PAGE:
Friday, April 2, 2010

Nissneh: Beware of the Bug Light

Summer is right around the corner, and depending where you live, the critters invade our homes. Flying insects, like mosquitoes and houseflies, can get quite irritating, but mankind came to solve that problem fairly quickly...
This video is worth more than a few chuckles, especially since it's an invaluable metaphor for this week's topic of nisneh.

But first, what's our main point? Nisneh is guided attachment - attachment through understanding. 

And the mosquitoes illustrate this idea well. Start sabha off with this brief video clip, and ask the audience, "How many mosquitoes were aware of the bug light?" We are tempted to answer one, but the answer is two. Before meeting his death, the second mosquito actually admits that he can't overcome his attachment

Now ask, "How many mosquitoes understood the nature of the bug light?" Only one - he survived.   

For us, attachment comes easily in both reality (with people, places, pets, etc.) and in fiction (with TV, movies, novels, etc.). We don't have to think about it - it just happens - just as mosquitoes gravitate towards a bug light. Hence, we need to be aware to what we become attached lest we wish to get fried by the bug light of maya.

Succeeding in life requires that we attach ourselves to those who have proven themselves successful and in turn want us to succeed, and we have to look no further than Shriji Maharaj & Pramukh Swami Maharaj. Prasangs about P. Krishnapriya Swami, Mulji Bhakta, and even Macha Khachar help us with developing true nisneh, attachment through understanding. Even Swamishri's own words reveal to us the ideal of nisneh. 

But, what about us? What about now

Now present the audience with the following scenarios. Do not ask for responses initially. 
  • Go to sabha vs. hang out with friends? 
  • Go to sabha vs. work on a school project with group? 
  • Go to sabha vs. go to garba? 

Some of these same easy, some of them do not. To answer them, we will turn to an activity.
  • Ask everyone to write down on a sheet of paper the ten things they care about the most (e.g. playing basketball, checking e-mail, etc.). To make this activity work, try not to classify similar items - like puja, darshan, arti - separately; they can all fall under Satsang.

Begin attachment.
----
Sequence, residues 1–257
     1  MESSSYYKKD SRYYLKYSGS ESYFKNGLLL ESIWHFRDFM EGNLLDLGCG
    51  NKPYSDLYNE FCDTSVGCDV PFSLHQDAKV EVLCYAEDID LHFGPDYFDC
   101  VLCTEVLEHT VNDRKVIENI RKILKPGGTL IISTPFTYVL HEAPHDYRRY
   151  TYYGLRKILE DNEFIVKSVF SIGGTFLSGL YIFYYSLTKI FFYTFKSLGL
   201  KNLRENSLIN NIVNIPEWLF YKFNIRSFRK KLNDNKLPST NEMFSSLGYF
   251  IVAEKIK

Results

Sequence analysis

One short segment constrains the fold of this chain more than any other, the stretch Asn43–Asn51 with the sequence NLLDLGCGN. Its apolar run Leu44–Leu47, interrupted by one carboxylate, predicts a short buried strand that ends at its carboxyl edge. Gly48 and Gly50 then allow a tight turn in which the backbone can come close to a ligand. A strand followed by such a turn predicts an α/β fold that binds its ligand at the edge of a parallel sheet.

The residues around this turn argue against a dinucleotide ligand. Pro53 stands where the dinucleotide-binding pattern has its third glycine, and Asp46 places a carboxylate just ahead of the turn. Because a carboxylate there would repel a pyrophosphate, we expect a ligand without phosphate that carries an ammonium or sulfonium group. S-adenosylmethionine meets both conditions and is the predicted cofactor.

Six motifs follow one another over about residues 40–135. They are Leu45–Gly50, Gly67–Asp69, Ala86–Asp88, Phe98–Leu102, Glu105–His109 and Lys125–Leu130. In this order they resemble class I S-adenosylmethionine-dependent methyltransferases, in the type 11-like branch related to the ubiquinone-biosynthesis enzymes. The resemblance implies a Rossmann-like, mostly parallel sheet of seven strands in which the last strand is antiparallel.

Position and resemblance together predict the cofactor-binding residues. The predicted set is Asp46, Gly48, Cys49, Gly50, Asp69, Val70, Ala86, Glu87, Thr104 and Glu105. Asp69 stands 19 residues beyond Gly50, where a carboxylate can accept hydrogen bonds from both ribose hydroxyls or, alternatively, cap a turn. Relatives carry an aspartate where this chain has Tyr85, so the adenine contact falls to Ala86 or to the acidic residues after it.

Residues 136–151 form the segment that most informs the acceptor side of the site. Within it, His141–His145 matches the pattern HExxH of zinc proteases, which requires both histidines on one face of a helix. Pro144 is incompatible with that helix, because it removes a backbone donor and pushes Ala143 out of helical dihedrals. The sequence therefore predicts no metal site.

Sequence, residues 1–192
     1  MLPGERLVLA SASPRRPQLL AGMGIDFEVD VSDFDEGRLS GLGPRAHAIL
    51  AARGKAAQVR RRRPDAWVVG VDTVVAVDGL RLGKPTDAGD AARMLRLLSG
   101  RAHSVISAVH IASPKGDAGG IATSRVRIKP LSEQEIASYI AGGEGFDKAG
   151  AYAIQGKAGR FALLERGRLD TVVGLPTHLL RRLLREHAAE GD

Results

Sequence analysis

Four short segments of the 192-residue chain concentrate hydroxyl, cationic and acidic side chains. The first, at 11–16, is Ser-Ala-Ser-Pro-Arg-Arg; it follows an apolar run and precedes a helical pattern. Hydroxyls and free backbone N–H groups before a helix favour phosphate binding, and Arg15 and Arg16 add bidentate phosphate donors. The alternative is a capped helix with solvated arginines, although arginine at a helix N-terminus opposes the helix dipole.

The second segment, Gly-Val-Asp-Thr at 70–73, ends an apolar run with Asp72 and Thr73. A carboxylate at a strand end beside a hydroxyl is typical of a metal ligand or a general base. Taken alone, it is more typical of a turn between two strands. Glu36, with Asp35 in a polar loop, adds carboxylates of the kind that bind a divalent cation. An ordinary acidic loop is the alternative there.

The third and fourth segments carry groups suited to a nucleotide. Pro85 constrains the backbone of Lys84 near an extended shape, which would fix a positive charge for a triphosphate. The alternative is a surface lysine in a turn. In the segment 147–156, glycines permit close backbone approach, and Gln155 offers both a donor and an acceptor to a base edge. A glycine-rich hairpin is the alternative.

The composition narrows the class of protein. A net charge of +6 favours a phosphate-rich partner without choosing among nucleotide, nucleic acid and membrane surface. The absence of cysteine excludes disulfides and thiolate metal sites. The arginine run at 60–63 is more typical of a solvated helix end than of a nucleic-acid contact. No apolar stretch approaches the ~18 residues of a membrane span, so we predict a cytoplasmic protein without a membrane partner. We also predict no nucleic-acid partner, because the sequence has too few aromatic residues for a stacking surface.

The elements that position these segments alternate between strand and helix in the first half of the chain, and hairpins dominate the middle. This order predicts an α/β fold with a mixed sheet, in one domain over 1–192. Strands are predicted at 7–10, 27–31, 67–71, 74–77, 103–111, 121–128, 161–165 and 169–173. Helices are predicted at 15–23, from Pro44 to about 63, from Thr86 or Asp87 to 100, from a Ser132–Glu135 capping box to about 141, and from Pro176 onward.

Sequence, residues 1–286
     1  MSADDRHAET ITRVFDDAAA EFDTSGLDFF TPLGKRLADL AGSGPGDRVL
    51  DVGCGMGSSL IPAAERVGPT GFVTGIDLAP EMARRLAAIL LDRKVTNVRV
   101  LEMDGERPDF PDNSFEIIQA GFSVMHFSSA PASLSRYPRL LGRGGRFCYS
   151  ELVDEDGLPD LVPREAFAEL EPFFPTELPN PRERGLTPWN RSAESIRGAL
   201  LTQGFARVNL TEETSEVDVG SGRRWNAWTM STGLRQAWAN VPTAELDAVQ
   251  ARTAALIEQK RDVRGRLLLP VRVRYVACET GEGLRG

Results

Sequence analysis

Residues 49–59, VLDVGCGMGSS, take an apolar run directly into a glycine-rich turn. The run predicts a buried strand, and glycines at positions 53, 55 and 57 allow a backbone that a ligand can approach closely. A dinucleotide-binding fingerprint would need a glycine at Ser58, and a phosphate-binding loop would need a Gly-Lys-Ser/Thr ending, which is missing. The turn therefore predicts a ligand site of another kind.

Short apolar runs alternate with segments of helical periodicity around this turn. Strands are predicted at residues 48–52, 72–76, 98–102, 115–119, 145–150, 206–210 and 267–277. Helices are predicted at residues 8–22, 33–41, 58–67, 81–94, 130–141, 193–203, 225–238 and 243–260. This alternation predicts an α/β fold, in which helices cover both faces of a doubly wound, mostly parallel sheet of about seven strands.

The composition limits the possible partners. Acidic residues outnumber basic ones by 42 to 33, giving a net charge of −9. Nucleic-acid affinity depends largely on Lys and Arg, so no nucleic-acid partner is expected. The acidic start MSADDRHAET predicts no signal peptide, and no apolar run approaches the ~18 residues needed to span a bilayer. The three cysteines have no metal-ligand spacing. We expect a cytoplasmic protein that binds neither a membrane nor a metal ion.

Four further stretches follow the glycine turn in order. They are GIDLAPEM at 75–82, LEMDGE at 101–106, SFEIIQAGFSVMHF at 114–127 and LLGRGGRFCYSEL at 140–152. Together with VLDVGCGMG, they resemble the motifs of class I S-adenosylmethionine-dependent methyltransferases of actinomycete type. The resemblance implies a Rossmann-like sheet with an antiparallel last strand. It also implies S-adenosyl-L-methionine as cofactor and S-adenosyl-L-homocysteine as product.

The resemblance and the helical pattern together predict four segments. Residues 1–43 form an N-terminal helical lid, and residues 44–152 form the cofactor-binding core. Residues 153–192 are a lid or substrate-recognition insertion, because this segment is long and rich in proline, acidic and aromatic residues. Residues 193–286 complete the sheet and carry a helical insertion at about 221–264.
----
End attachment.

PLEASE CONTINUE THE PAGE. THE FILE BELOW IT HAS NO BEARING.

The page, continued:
• Then ask a few members to share. Now, ask everyone to cross off three things they could do without; again ask for a few to share. 
  • Now, ask everyone to cross off two more, and see what everyone has left. Rank these five items in order of importance.  
These are our attachments. These dictate how we manage our time - for better or for worse. Going back to our scenarios...
  • Go to sabha vs. hang out with friends? No brainer - but when we have something to do for mandir that Sunday and socialize too much during the week, the presentation does not get done. 
  • Go to sabha vs. work on a school project? We feel better on this one given that Swamishri wants us to do well in school, but did we really maximize our time during the school week to work on the project? Or did we make sabha a priority when our group was scheduling our meeting?
  • Go to sabha vs. go to garba? Garba is not usually held during sabha time, so this one sounds stupid. However,  catching up on missed sleep is anything but stupid. Dancing the night away costs us by causing us to doze sabha away. 
If Satsang was our #1, then the answer is easy to all of these scenarios. It's only when it's not #1 that we struggle with the answer. 

For us, nisneh helps us manage our time wisely. Lalji Suthar's prasang caps off this point very well. So steal the show this Sunday - talk about nisneh and its relevance to us today.

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